Because the engine will run with only one magneto operating, it is possible for pilots to unintentionally leave the switch in either the L or R position during engine start, takeoff and flight. This is unsafe because if the operating magneto fails, the other magneto is not operating because it is shorted. Such a situation causes a complete engine failure.

Other U.S. patents of interest relative to this disclosure include the following, each of which is incorporated herein by reference: U.S. Pat. No. 4,127,847 “Monitoring system for aircraft master switch”; U.S. Pat. No. 4,243,970 “Open circuit alarm”; and U.S. Pat. No. 5,353,657 “Airplane engine starter system and housing”.

Accordingly, there is a need for methods and systems that facilitate evaluation of magneto operation while reducing pilot workload and potential for error.

SUMMARY OF THE INVENTION

The present invention can provide a computer implemented function that monitors the position of a magneto switch in an aircraft to provide real-time feedback of engine RPM drop during a magneto check and communicates whether parameters are within limits. The function can also monitor engine and groundspeed/airspeed data in an aircraft to verify the magneto switch is in the correct position during engine start, takeoff and flight and can provide an alert to the pilot if the switch is not in the correct position. The automated magneto check function provides an easy way to test the operation of the aircraft's engine-driven magnetos and provides additional safety by alerting the pilot to unsafe positioning of the switch.

The present invention provides methods and apparatuses for automatically reading the RPM drop during a magneto check and verifying it against predetermined limits. Further, the invention can communicate to the pilot (e.g., using audio or visual cues) if the magneto switch is left in a wrong and possibly dangerous position during takeoff or flight. Information associated with the present invention can be communicated to the pilot by, for example, display on a graphic display screen such as a liquid crystal display. A computer can implement a function that allows it to monitor the position of the magneto switch. The computer can also monitor other information such as engine data and GPS data to determine if the aircraft is on the ground or in the air.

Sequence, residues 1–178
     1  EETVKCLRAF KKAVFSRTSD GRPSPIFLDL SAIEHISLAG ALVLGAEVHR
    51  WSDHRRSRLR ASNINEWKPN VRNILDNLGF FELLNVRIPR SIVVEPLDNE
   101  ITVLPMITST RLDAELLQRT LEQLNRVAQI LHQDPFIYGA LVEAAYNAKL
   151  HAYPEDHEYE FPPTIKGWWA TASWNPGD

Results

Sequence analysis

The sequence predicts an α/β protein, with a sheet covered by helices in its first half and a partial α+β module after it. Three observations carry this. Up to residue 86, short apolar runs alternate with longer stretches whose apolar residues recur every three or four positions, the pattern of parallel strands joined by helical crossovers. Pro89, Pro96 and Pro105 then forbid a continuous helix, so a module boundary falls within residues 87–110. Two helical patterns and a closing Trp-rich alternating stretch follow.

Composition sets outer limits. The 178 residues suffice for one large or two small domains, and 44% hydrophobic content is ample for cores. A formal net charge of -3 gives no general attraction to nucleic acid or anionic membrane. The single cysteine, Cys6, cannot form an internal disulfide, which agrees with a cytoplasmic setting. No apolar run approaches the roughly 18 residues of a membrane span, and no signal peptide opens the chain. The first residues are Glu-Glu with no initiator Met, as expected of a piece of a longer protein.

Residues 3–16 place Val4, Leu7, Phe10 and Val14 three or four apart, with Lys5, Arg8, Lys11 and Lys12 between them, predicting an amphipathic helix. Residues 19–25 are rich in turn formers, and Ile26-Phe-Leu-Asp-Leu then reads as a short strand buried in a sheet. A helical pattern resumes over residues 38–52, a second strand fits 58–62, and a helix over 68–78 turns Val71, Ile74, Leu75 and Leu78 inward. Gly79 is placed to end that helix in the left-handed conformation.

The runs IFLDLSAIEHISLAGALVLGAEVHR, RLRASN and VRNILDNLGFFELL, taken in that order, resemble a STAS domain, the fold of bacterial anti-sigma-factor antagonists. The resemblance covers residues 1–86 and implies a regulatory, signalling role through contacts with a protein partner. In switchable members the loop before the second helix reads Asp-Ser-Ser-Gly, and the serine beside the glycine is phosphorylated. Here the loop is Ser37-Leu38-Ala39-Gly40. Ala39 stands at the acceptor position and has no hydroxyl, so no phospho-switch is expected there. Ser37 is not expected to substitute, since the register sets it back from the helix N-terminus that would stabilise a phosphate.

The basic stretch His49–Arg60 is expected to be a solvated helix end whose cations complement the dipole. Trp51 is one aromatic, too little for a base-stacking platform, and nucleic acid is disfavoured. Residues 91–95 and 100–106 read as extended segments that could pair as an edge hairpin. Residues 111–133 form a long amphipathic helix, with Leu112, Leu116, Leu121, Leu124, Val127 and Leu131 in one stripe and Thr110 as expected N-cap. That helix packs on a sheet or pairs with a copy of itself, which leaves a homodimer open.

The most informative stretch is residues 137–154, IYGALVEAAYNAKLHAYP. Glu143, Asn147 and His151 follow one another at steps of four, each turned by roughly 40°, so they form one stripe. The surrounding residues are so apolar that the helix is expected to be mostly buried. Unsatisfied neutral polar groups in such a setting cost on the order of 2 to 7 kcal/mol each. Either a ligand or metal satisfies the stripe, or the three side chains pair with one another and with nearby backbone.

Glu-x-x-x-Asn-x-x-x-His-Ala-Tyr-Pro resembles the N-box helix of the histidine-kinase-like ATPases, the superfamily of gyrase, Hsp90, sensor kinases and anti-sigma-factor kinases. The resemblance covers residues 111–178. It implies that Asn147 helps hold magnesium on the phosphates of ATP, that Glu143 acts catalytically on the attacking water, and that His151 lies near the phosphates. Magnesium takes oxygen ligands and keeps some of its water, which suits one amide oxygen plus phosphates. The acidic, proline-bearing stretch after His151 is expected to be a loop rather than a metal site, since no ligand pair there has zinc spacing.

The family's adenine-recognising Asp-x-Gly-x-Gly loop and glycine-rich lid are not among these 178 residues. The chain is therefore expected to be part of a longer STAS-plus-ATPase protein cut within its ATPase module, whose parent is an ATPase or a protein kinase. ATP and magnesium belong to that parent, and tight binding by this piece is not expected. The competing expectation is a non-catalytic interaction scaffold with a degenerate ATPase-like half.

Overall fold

BRIEF DESCRIPTION OF THE FIGURES

FIG. 1 is a schematic illustration of an example embodiment of the present invention.

FIG. 2 is a schematic illustration of an example embodiment of the present invention.

FIG. 3 is a flow diagram of an example embodiment of the present invention.

FIG. 4 is a schematic illustration of an example display produced by an example embodiment of the present invention.

DETAILED DESCRIPTION OF THE INVENTION

FIG. 1 is a schematic illustration of an example embodiment of the present invention. A sensor 101 is adapted to sense the operation rate of the engine, for example by sensing revolutions per minute or power output of the engine. A switch 102 is adapted to control the operation of two (or more) magnetos, for example by selectively shorting each magneto, or otherwise individually enabling each magneto to affect the operation of the engine. A sensor 103 senses the position of the switch 102 and communicates a signal representative of the position to a controller 104. Note that the sensor 103 can sense the switch 102 position directly, or indirectly, as an example by sensing the output of each magneto to discern whether the magneto is contributing to the operation of the engine. The controller 104 can control a memory device 105 and store in the memory device 104 information relating to the engine operation corresponding to operation with an individual magneto. The controller 104 can communicate with a pilot, for example with a communication system 106 comprising a display, audible signals, or other communication channels.